Sourcing and selection considerations for board level assembly adhesives
Surface-Mount Adhesive (SMA)
Used in both wave and reflow soldering processes to maintain component positioning on the PCB, the SMA's greatest challenge is to survive the thermal shock of transitioning from preheat to soldering temperatures, which requires a combination of good adhesion, strength, and flexibility. Low moisture pickup properties are essential to prevent voiding in the SMA, and it needs to exhibit high visual contrast for easy detection against substrates. As the SMA remains on the PCB during its operating life, it must survive any extremes of operating conditions without compromising circuit reliability, so it should possess good cured electrical properties and pass the IPC tests for corrosion and SIR.
The latest products added to the electronics group of Henkel's SMA range are Chipbonder 3621, for high-temperature and high-humidity conditions, and Chipbonder 3627, which offers rheology specifically designed for high-speed printing and dispensing. Low-temperature-cure adhesives such as Chipbonder 3619 were originally developed for high-speed dispensing onto temperature-sensitive components, but another consideration has boosted its popularity: energy conservation. With new legislation imposing additional taxation burdens on corporate energy users, manufacturers are choosing products that best enable them to reduce curing oven temperatures. Given its cost-saving properties, the Chipbonder line effectively pays for itself.
Electrically Conductive Adhesive (ECA)
ECA provides both a mechanical bond and an electrical interconnection between a device and a circuit board, and is a lead-free alternative to solder. It is used for bonding temperature-sensitive components, assembly and repair of flexible circuits and connectors, and to provide electrical connections on non-solderable substrates such as plastics or glass. Isotropic ECA conducts electricity along all axes and can replace solder on thermally sensitive components or devices requiring a ground path. Anisotropic ECA allows current flow along one axis only, providing electrical connectivity and strain relief for flip-chip devices.
Stability and shelf life are potential issues with single-component ECAs, which usually require storage at -40°C. The isotropic epoxy adhesive Loctite 3880 is an exception, offering the advantage of shipping and storage at refrigerator rather than freezer temperatures.
Thermally Conductive Adhesive (TCA)
TCA provides efficient thermal transfer between devices and heatsinks and adds structural support, eliminating the need for mechanical fasteners and clips. It provides a convenient alternative to a phase-change thermal interface material (PCTIM), where the latter's extremely low thermal impedance is not essential. TCA is also useful for repair if a BGA becomes detached from its substrate through vibration, or perhaps through flexing of touch pads by key pressing. TCA can be used effectively on any electronic device that requires a heatsink to be bonded to a chip, microprocessor or transistor. Typical applications include ASIC devices, power transistors, BGAs, PGAs, MCMs and some DIP devices. One of the most versatile TCAs in the electronics group of Henkel's range is Loctite 3874, a single-component, acrylic material for bonding heat-generating devices to thermal spreaders. Supplied without self-shimming glass beads, the material offers fast curing and one of the highest conductivities in its class.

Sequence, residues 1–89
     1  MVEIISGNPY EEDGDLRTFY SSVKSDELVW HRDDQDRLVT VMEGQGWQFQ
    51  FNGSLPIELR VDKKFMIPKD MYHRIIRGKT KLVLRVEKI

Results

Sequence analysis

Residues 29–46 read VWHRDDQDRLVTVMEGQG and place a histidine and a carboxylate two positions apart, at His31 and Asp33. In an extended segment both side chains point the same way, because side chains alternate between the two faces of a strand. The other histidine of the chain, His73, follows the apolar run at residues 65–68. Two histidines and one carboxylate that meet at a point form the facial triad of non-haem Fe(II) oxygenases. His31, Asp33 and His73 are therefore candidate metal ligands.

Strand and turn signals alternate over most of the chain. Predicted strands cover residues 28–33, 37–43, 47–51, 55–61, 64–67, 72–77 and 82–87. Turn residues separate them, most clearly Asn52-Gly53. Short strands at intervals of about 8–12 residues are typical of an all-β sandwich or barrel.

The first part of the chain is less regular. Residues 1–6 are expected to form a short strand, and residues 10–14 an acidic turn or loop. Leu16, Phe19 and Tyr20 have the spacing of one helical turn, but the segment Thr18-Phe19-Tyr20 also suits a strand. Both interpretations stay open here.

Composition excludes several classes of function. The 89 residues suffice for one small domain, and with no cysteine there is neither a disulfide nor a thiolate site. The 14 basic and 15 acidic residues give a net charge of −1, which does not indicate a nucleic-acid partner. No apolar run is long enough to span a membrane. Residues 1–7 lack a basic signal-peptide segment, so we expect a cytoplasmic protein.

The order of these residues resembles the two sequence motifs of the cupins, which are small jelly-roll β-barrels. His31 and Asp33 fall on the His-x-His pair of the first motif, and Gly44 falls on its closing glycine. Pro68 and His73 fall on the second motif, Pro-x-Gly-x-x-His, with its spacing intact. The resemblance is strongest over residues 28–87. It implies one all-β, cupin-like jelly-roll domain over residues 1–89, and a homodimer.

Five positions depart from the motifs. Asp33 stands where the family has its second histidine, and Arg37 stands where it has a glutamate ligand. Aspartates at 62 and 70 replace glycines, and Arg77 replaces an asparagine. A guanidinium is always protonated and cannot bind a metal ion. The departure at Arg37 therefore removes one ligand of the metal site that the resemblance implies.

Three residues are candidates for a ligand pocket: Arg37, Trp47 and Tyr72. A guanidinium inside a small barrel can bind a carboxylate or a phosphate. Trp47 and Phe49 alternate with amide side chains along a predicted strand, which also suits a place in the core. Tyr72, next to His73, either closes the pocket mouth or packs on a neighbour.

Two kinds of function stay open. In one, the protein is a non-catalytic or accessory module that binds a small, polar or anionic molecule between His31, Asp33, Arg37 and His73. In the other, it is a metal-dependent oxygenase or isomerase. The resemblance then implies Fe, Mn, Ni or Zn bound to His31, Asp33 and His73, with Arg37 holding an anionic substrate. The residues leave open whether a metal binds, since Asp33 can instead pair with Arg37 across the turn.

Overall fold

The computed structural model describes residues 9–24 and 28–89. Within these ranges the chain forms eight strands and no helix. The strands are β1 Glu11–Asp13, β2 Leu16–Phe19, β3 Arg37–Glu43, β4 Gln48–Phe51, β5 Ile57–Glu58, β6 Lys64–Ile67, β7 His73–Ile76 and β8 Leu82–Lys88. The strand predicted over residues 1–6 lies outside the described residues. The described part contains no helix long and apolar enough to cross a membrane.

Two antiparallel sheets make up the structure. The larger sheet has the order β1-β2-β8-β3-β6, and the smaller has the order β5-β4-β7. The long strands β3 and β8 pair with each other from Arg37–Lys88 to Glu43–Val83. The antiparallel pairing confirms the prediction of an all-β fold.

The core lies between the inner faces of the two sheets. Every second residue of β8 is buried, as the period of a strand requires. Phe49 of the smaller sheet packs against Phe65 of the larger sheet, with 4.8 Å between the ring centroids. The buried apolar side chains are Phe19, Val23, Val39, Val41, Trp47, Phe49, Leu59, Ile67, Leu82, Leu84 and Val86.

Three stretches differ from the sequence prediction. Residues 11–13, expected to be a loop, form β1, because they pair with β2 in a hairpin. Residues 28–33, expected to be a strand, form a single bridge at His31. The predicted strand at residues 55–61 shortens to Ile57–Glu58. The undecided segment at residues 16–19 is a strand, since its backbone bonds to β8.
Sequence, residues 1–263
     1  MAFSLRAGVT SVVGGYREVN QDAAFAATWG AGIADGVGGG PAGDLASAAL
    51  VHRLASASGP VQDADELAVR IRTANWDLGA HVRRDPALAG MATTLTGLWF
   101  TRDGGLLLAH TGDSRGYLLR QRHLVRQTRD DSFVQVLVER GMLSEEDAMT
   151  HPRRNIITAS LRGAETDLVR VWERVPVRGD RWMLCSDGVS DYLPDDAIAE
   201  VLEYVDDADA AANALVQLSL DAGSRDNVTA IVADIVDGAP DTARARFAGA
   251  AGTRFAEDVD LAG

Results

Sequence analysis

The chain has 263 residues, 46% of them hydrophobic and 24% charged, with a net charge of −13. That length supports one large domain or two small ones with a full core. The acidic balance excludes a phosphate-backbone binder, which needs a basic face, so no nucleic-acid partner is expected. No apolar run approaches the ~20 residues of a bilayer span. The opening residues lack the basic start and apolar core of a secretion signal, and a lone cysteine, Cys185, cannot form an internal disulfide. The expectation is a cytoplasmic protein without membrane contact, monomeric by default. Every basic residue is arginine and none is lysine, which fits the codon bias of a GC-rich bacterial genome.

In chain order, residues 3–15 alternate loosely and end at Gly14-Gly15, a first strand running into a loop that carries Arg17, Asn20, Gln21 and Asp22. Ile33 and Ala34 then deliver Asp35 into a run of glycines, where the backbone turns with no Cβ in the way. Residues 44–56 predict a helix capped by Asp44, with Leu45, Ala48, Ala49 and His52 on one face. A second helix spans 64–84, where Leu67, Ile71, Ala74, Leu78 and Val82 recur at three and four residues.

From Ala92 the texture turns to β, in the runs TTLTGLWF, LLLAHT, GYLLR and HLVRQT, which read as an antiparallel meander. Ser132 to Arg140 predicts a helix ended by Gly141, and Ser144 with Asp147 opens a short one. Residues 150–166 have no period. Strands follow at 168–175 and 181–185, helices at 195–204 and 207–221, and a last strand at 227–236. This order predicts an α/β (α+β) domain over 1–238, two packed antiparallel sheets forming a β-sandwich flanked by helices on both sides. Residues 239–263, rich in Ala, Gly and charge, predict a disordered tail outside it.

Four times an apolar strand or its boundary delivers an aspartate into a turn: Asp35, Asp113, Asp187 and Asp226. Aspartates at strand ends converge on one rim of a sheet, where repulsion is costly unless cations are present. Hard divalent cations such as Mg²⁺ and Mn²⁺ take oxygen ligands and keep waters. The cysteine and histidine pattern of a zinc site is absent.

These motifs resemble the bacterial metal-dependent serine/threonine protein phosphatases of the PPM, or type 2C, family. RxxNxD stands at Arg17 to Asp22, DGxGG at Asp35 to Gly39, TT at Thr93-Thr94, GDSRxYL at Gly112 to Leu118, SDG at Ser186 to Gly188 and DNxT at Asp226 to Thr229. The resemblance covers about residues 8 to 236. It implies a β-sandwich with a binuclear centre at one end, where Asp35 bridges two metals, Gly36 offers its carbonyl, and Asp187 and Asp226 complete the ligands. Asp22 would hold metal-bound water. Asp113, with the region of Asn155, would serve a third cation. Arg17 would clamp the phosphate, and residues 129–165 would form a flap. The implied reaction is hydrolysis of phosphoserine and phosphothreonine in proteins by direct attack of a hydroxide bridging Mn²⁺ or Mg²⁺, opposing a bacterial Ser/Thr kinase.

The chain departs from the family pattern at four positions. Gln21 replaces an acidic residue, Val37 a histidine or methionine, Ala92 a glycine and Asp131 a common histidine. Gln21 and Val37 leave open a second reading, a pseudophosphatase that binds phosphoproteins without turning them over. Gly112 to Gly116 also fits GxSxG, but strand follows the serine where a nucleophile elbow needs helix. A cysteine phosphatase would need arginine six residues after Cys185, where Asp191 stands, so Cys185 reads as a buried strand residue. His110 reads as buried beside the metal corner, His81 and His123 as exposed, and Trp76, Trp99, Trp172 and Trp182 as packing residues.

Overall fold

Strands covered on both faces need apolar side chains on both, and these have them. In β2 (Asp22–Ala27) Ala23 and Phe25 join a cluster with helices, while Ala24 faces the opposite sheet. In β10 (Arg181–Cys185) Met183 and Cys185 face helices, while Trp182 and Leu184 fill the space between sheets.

For more information, visit http://www.henkelelectronics.com.
Side Bar: Tackling the Pb-free basics
As the European Union's Restriction of Hazardous Substances Directive (RoHS) nears, the following is a look at the basics.
By Steve Dowds, Global Product Manager, the electronics group of Henkel
Why Must We Go Pb-free?
The law is set to stipulate lead-free electronics manufacturing. Irrespective of the merits or demerits of the case, with effect from July 2006, the EU's Restriction of Hazardous Substances Directive (RoHS) comes into force. This directive bans the use of lead, mercury, cadmium and hexavalent chromium in nearly all electronic and electrical products produced or sold inside the EU. It also bans the use of brominated flame retardants in PCBs, which has received little attention so far.
Are There Exemptions?
The RoHS Directive lists the following exemptions.
1. High-melting-point solders containing more than 85% Pb.
2. Servers, storage and storage array systems (exempt until 2010).
3. Network infrastructure equipment for switching, signalling and transmission, as well as network management for telecommunication.
4. Pb in electronic ceramic parts, such as piezoelectronic devices.
Which Alloy to Use?